New members added to the bloc from Africa are linked by their opposition to a Western-dominated financial system, states Nosmot Gbadamosi of the Foreign Policy.
Last week’s announcement that the BRICS grouping will expand—adding Argentina, Egypt, Ethiopia, Iran, Saudi Arabia, and the United Arab Emirates next January—brings China closer to its goal of making the bloc a rival to the G-7, according to Nosmot Gbadamosi, a multimedia journalist and the writer of Foreign Policy’s weekly Africa Brief.
BRICS currently includes Brazil, Russia, India, China, and South Africa. BRICS leaders have pushed back against the reign of the U.S. dollar; the common interest in the expanded group seems to be opposition to the Western-dominated financial system.
That is certainly the case for Egypt and Ethiopia. The strength of the U.S. dollar and high U.S. interest rates have increased the cost of their imports; they also seek alternative lending streams without Western conditions attached.
Ethiopia has a tumultuous relationship with the United States and is China’s second-largest debtor in Africa, while Egypt has already indicated that it would pay for imports from China, India, and Russia in their respective currencies.
BRICS membership could especially benefit Egypt, which is in the midst of an economic crisis. After last week’s announcement, Egypt’s Abdel Fattah al-Sisi said that his country looked forward to helping to “raise the voice of the Global South”.
Egypt’s finance minister also said he hoped the invite would lead to investment and export opportunities that involve local currencies.
Egypt’s sovereign debt has ballooned to more than 95 percent of the country’s GDP, and the Egyptian pound has fallen by 50 percent against the U.S. dollar since March 2022.
The country is a significant International Monetary Fund debtor, and it joined the BRICS New Development Bank (NDB) in February to help ease a dollar crunch.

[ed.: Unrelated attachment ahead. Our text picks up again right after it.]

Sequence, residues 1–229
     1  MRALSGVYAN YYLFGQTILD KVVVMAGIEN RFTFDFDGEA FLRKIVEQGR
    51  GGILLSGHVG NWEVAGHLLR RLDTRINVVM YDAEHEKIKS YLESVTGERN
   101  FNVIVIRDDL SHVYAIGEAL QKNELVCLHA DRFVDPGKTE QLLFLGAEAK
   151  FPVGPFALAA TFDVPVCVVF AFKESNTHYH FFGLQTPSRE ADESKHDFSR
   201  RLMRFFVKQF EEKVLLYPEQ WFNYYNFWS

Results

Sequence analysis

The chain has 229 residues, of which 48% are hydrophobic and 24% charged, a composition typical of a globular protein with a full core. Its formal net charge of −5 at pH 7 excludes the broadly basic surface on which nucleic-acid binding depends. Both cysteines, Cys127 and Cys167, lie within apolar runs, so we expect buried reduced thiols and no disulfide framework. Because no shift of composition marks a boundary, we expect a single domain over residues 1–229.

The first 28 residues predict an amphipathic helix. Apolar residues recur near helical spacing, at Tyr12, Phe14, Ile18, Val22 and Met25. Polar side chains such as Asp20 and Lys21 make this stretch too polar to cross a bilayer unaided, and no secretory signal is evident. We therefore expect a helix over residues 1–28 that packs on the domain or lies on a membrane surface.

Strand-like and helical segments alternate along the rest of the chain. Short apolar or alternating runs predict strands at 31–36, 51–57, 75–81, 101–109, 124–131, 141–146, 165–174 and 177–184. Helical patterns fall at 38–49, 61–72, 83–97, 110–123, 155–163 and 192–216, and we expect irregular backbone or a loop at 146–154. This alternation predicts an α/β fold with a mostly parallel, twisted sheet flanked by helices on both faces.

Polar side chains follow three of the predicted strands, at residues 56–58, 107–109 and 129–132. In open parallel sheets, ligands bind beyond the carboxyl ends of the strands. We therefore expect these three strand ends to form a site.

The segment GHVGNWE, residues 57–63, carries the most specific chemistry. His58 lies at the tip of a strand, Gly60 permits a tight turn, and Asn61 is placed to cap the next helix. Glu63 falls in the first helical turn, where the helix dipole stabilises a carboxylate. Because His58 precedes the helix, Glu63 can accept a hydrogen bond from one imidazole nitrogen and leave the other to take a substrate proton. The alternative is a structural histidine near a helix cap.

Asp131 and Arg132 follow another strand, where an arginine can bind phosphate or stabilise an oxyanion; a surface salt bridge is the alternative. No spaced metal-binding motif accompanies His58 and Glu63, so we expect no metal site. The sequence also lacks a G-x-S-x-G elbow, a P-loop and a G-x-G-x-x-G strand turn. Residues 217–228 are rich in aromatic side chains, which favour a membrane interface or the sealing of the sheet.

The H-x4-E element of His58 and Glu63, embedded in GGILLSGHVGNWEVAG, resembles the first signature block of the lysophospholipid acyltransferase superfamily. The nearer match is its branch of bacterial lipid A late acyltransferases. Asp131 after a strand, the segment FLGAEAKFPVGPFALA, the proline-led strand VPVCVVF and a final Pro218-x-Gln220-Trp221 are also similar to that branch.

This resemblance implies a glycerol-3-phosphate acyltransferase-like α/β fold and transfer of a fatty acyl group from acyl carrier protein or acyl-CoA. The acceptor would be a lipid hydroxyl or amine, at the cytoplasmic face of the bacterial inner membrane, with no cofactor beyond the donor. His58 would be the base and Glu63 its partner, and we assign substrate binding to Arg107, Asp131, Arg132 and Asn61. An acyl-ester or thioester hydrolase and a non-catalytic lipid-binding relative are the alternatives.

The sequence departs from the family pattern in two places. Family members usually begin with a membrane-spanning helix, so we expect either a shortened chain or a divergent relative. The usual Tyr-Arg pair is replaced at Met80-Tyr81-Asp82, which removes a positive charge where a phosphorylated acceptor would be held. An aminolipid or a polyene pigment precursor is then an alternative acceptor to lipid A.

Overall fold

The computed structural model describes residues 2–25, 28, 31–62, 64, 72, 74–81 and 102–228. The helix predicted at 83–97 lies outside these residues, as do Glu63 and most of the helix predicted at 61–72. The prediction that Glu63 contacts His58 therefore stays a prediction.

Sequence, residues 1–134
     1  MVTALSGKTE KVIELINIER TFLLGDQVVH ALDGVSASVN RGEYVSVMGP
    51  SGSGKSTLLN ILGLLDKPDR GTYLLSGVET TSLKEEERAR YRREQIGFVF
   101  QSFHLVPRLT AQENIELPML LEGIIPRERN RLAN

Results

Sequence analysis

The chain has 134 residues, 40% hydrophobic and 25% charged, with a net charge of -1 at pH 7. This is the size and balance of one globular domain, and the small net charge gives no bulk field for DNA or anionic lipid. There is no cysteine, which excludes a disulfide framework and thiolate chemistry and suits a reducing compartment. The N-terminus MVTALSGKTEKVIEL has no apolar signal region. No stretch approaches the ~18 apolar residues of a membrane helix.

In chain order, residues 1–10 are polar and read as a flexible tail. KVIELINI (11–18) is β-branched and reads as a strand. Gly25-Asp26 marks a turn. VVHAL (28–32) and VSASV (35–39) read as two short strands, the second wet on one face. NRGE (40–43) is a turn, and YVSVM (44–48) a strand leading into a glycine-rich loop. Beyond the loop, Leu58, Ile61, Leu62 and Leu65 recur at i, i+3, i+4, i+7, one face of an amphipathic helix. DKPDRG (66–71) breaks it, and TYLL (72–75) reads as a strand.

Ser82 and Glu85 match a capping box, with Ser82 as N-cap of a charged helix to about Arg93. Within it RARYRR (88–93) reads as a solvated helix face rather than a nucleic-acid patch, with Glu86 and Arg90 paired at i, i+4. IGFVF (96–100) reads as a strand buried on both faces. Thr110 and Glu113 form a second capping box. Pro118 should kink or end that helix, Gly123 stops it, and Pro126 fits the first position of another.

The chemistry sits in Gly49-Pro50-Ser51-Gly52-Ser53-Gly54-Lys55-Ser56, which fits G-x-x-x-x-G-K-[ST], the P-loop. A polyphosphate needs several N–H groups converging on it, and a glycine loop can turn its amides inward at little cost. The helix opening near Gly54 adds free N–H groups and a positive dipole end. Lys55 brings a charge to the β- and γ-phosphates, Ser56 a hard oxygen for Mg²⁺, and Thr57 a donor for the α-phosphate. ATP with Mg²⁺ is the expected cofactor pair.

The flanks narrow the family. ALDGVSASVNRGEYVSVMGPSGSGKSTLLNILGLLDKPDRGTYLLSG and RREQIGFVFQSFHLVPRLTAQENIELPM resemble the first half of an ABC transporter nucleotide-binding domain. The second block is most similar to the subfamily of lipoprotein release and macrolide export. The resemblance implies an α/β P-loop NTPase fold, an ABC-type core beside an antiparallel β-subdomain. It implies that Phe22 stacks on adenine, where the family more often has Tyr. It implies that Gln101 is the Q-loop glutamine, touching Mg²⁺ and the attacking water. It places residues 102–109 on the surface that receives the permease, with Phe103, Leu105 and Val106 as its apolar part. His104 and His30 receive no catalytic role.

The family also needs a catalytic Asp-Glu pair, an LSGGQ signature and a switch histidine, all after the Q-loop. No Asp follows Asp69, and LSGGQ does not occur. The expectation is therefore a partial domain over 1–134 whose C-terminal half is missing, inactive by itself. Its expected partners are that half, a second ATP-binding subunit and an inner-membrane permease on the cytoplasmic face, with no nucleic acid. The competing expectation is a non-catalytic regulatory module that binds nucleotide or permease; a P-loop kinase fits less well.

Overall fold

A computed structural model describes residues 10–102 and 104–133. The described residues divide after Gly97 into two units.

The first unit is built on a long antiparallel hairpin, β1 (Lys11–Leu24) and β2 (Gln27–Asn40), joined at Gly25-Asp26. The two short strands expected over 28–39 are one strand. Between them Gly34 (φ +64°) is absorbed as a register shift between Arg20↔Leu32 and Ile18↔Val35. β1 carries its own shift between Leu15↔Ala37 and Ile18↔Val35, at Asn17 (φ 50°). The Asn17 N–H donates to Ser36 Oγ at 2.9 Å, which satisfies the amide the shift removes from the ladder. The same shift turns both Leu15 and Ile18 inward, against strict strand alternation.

The NDB has set up a $100 billion currency reserve pool for its members, and it aims to facilitate 30 percent of lending in local currencies by 2026.
Last year, investors pulled around $20 billion out of Egypt in the first few months of the economic downturn that followed Russia’s invasion of Ukraine.
Compounding the situation, Sisi’s administration has borrowed heavily for what critics denounce as vanity projects. Egypt has also suffered as a regional power broker: With a civil war in neighboring Sudan, Egypt “must be embarrassed that Saudi Arabia has ended up —according to its own myths—should be leading,” FP’s Steven A. Cook wrote recently.
In fact, it is Saudi Arabia that Egypt will likely turn to within BRICS to help pull the country out of its economic crisis.
Cairo has repeatedly borrowed from Riyadh, but the Saudi government recently signaled that it would no longer provide financial support to its allies without conditions attached, such as reforms.
Trade with other BRICS countries will likely continue apace, with Russia acting as a source of grain imports to Egypt; Moscow’s central bank added the Egyptian pound to its list of exchange currencies in January.
Although BRICS membership may not fix Egypt’s economy in the short term, economists say it could eventually help the country attract more investment and lower its debt burden.
On another front, given the addition of both countries to the bloc, BRICS could even help solve a long-running dispute between Egypt and Ethiopia over the Grand Ethiopian Renaissance Dam on the Blue Nile River. The pair resumed talks on Sunday after a two-year deadlock.
Some experts see the BRICS expansion as shaping the group into an explicitly anti-Western bloc. Economist Jim O’Neill, who coined the original BRIC acronym, expressed concern that Indonesia and Nigeria were not included given the size of their economies.
“When it comes to Africa, why not Nigeria, which is 20 percent of the continent’s population?” he said. “It is hard to avoid concluding that China and Russia have had quite a big influence on which countries have been selected.”
However, as FP reported last week, Nigerian President Bola Tinubu has said the country was not ready to join BRICS for the moment.